INDIANAPOLIS – The push for Sunday alcohol sales is gaining momentum during the 2013 legislative session, but it still faces stiff opposition.
Indiana remains the last state in the nation banning alcohols sales on Sundays—a rule that traces its roots back to the Prohibition Era. Two bills introduced during the current session would change the law that restricts Sunday sales to restaurants, bars, breweries and wineries.
Lawmakers point to the possibility for increased sales and more tax revenue for the state.
Many grocery stores and chains support lifting the ban. After all, Sunday is the second-largest shopping day of the week and allowing liquor sales would provide a boost to those retailers.
Most liquor stores, on the other hand, don’t support the change. They’d have to pay to staff their stores on Sunday—something they don’t currently have to do. Liquor stores are afraid the extra day would essentially spread out six days in sales over seven days—while they face stiffer competition from grocery stores who can also sell alcohol on Sundays.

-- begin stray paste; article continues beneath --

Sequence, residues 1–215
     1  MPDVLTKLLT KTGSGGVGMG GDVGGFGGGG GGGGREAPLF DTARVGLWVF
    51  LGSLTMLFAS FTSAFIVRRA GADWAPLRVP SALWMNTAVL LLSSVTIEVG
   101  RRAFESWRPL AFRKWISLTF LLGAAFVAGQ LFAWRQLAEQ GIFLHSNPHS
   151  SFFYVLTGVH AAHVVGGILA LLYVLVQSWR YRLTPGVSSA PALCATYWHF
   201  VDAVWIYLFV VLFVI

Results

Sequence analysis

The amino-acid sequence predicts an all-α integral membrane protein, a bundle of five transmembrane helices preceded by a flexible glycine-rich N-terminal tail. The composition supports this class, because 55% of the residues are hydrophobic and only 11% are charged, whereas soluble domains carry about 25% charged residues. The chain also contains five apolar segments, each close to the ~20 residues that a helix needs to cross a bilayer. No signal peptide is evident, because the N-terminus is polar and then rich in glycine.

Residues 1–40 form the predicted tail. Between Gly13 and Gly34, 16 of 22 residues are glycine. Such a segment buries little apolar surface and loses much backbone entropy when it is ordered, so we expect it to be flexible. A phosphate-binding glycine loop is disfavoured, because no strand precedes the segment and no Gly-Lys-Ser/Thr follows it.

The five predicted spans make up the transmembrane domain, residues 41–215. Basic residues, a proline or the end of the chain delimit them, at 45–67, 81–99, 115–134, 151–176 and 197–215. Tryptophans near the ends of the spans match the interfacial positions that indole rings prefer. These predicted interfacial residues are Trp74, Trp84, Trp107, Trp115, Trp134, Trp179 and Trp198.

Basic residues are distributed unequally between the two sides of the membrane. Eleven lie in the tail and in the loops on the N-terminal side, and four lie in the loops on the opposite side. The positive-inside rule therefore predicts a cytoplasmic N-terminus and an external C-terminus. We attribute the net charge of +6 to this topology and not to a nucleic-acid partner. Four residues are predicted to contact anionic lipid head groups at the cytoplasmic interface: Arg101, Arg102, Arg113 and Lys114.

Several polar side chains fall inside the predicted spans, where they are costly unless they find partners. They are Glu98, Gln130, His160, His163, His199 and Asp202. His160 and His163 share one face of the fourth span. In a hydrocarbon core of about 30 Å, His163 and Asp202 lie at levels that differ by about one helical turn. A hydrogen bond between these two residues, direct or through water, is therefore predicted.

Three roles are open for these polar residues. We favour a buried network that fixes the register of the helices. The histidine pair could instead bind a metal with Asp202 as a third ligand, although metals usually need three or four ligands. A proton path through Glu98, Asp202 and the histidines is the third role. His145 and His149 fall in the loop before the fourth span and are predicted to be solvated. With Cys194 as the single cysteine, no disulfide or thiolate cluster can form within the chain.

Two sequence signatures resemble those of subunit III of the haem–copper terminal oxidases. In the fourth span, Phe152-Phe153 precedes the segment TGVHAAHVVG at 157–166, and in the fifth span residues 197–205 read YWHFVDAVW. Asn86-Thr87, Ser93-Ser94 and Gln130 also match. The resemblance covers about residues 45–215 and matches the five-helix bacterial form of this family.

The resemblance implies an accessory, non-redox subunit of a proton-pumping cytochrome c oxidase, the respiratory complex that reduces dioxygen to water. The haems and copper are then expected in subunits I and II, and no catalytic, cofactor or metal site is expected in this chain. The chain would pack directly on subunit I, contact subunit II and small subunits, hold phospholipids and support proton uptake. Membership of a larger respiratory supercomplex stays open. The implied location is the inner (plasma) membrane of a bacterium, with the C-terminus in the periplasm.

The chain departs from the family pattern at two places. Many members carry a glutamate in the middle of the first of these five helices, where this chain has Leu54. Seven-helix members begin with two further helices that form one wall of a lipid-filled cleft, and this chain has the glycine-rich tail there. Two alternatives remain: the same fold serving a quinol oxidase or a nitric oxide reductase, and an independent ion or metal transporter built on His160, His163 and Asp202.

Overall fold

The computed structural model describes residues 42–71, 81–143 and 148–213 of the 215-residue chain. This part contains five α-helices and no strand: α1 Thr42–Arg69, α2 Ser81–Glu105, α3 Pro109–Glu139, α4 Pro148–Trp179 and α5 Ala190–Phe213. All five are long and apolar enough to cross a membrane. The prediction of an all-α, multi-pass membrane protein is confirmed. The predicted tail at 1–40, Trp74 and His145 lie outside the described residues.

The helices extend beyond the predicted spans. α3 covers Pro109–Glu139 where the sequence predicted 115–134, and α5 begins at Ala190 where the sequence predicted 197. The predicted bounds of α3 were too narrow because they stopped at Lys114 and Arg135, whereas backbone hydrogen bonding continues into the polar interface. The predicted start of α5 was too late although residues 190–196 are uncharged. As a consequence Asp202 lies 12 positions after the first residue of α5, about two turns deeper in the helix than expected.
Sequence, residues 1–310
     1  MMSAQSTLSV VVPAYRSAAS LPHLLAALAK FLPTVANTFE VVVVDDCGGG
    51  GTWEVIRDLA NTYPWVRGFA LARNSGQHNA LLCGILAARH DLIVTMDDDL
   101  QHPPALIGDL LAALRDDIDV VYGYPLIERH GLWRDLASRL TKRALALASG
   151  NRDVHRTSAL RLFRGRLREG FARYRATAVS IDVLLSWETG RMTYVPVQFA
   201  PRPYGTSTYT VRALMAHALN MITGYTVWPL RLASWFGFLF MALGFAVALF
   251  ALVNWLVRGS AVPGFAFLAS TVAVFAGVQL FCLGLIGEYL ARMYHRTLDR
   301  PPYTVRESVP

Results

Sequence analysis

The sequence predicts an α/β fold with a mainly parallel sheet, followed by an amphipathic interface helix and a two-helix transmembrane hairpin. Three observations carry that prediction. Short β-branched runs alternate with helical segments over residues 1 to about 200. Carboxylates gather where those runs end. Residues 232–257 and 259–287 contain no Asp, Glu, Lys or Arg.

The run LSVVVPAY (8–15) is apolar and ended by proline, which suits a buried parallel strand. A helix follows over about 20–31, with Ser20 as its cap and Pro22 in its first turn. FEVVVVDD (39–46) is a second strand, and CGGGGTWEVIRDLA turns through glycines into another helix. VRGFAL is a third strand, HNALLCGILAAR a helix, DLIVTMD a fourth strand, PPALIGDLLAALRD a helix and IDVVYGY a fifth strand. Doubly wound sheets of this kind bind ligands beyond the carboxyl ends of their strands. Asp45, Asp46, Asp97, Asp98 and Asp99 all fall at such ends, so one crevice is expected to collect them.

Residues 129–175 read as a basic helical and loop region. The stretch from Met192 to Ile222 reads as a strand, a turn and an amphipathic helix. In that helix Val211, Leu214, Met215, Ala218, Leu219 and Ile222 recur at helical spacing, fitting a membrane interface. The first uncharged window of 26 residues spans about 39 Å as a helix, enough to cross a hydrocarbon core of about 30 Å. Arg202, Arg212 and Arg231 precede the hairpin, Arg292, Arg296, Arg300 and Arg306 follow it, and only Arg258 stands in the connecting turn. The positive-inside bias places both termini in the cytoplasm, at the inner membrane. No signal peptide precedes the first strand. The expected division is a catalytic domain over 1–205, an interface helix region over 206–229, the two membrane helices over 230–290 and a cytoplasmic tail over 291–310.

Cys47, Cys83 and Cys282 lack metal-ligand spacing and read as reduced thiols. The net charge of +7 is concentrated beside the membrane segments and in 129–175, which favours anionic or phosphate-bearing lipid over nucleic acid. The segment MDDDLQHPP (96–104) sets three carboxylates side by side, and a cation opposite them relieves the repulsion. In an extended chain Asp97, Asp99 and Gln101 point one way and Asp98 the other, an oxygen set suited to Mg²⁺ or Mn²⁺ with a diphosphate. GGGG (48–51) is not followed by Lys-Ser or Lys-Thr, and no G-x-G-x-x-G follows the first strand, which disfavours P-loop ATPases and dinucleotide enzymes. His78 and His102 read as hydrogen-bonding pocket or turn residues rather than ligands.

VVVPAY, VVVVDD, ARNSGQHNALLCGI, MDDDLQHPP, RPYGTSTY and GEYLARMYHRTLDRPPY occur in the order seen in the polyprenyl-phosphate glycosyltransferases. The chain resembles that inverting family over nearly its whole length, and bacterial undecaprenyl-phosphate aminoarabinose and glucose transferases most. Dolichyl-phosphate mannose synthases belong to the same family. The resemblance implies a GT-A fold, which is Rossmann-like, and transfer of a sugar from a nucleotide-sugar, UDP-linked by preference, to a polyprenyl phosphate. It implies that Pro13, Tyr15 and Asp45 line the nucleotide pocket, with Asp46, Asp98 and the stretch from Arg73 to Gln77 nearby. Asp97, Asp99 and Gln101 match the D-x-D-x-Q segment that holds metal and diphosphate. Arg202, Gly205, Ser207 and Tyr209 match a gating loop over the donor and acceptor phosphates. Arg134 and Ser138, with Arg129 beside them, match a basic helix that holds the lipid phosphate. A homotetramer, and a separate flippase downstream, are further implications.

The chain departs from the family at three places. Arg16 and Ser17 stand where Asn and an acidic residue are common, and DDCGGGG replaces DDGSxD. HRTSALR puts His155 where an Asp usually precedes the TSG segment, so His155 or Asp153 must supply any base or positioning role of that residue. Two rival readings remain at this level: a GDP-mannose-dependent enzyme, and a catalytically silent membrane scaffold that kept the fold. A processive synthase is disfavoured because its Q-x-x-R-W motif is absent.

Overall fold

Liquor store owners also contend that their staffs are trained and licensed to keep minors from getting access to alcohol.
Lawmakers have shown signs of loosening such restrictions. In 2010, they approved a bill allowing microbreweries to sell carryout beer on Sundays.